Bruce grew up farming with his parents on land that had been in his family for four generations. With an appreciation of diversity, much curiosity, and a bit of luck, Bruce developed a new practice, now called No-Kill Cropping, and changed the trajectory of his family farm.
Bruce Maynard at Willydah
How did No-Kill Cropping Come to Be?
The impetus for No-Kill Cropping began in the early 90s, when Bruce started time-controlled grazing. This approach improved his grassland diversity and production so much that he did not want to take his grasslands ‘back to zero’ via cropping.
So, Bruce sold his existing cropping machinery and created a machine for planting directly into grasslands.
He trialled it during the dry 1996 summer and after the autumn rains, it became ‘abundantly clear’ that sowing dry meant cereals can compete with other plants, and thus greatly improve feed on offer for his animals. Nearly 30 years on, Bruce and his son Liam continue to ‘No-Kill’ crop, and Bruce has distilled this ‘easy set of practices’ into five principles.
Read on, and watch this video to learn more about these principles.
Contrary to common practice ‘for the last 10,000 years’, the first principle is to sow into dry topsoil. Bruce describes this principle as a ‘10 metre start on the hundred metre sprint’:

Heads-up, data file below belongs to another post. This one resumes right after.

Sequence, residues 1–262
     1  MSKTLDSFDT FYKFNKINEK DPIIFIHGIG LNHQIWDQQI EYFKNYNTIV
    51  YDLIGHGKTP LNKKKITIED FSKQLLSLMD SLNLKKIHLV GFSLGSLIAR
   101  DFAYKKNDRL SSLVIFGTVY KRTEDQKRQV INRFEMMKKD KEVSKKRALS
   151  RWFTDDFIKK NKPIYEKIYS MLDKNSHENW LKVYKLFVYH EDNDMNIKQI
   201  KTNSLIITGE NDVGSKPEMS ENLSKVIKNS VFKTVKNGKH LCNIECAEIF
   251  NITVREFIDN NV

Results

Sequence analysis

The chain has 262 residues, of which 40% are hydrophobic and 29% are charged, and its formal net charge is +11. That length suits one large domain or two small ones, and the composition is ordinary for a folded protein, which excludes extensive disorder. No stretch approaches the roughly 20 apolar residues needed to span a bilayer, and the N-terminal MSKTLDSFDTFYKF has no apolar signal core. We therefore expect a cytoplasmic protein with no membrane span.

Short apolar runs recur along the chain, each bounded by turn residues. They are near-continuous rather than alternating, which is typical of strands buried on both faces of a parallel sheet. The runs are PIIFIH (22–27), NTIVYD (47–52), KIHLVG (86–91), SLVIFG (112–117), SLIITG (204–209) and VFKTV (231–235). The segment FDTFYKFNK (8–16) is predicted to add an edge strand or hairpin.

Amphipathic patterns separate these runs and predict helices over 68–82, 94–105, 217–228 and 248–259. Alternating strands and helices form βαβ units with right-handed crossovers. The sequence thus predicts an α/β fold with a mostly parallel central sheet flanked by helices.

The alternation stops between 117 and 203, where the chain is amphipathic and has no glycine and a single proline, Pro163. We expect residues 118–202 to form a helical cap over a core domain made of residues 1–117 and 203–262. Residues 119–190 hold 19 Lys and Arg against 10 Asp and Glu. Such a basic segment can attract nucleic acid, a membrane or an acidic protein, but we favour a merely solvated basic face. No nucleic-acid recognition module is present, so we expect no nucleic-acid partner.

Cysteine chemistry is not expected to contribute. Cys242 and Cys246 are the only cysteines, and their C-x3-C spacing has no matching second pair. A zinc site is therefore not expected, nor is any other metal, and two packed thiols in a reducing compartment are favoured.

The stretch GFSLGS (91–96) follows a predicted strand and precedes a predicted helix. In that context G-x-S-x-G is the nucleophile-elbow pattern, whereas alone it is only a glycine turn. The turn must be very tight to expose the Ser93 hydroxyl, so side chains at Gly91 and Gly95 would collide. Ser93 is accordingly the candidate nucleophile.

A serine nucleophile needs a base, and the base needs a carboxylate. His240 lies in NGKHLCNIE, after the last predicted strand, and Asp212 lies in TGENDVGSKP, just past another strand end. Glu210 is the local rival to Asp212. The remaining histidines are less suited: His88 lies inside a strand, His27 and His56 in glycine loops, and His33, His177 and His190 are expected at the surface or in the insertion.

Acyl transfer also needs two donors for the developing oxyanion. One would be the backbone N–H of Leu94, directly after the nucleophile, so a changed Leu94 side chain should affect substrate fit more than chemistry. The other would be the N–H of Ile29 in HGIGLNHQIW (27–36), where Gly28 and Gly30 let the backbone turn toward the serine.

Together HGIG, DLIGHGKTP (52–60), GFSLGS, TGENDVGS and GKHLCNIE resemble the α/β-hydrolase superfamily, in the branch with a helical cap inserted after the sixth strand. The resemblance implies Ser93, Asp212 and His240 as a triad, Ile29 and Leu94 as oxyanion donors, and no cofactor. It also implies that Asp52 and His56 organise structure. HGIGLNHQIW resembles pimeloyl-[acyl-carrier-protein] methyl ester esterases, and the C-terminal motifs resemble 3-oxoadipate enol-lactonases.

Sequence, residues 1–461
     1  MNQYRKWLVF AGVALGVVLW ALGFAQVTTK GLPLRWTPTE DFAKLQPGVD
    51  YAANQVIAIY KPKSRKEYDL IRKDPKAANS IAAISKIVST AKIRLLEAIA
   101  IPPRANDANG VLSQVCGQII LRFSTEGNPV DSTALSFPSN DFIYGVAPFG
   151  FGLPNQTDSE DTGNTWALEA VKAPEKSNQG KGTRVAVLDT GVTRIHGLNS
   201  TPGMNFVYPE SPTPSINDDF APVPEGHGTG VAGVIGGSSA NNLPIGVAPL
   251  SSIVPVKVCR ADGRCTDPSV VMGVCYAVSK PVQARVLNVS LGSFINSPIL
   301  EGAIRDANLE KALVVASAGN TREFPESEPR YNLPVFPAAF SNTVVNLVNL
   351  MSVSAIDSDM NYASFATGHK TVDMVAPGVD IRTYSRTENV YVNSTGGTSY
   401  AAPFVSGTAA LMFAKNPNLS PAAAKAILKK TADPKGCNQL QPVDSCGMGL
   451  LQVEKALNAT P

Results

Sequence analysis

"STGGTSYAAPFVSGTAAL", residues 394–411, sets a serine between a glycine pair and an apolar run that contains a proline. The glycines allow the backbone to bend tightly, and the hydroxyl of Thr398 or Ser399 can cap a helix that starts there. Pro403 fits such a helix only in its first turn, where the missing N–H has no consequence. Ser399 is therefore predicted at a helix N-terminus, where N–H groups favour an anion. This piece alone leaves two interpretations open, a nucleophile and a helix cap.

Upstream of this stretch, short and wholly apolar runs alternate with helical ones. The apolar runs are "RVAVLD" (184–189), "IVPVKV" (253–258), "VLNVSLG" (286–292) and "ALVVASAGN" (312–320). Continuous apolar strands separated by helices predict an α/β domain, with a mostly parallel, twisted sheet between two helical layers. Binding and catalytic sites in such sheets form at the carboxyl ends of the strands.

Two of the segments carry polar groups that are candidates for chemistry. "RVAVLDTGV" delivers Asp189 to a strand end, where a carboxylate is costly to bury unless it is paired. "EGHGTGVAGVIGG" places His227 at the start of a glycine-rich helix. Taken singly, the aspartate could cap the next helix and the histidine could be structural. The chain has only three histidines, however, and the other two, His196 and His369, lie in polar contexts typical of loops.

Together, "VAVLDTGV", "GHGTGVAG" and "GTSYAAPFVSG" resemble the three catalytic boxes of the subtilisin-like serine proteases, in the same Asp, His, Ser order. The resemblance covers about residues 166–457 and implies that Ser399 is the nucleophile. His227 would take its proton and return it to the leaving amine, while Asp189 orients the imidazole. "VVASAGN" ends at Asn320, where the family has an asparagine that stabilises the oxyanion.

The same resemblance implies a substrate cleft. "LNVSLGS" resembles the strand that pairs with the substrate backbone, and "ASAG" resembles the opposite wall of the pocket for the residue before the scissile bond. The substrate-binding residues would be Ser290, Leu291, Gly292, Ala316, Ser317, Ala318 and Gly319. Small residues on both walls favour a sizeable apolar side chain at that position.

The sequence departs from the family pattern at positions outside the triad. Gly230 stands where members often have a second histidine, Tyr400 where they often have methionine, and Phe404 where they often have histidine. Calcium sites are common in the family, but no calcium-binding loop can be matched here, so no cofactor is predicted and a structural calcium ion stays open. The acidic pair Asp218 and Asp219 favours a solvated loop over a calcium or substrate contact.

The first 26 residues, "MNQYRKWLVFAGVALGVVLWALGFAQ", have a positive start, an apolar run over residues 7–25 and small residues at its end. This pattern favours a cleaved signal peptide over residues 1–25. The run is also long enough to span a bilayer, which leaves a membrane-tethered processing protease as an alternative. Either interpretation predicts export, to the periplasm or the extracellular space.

With No-Kill Cropping, as soon as we get rain, the seed sprints out of the soil. Whereas, if you wet sow, you’ll always have to do something about plant competitors because while you are waiting to sow, the competitors are germinating and growing, growing, growing.
Conversely, with No-Kill Cropping, Bruce typically finds three or four cm of growth in cereals several days after rainfall events, while ‘the competitors are just starting’. To enable this ‘sprint’, Bruce creates a ‘one cm-deep by a half cm-wide disturbance’ in which to drop the seed as ‘the perfect seed-soil contact’.
In addition to germination rates, Bruce observes that sowing when soil is dry and has maximum strength minimises soil compaction. Alternatively, ‘wet sowing goes over the soil when it is most vulnerable, just like road builders moistening soils before compacting them’.
Bruce also observed how sowing with minimal disturbance changed the plants in his paddocks. When tilling, he would see a range of annual colonising plants return, whereas with little disturbance, ‘uneconomical plants reverted to mostly background, if at all’. Bruce says a return to tilling would mean an increase in germination of uneconomic weed species.
Principle 2 describes how to sow for both soil and economic benefits. For example, straight coulter discs minimise disturbance of above ground plant and below-ground microbial communities, as well as limit soil carbon loss. Existing plants, especially perennials are not killed by the impact of the coulter discs travelling over them. In addition, dry-sowing with straight-running discs means a major decrease in resistance, fuel, and costs.
Bruce considers almost every plant valuable for building grassland and soil health. To keep landscapes diverse and complex, he does not use chemicals or pesticides (including sourcing seeds without pesticide treatment). In addition, Bruce wants to ensure native species can compete with annuals, so he avoids fertilisers. By cutting these inputs, Bruce sees lower costs and reduced economic risk.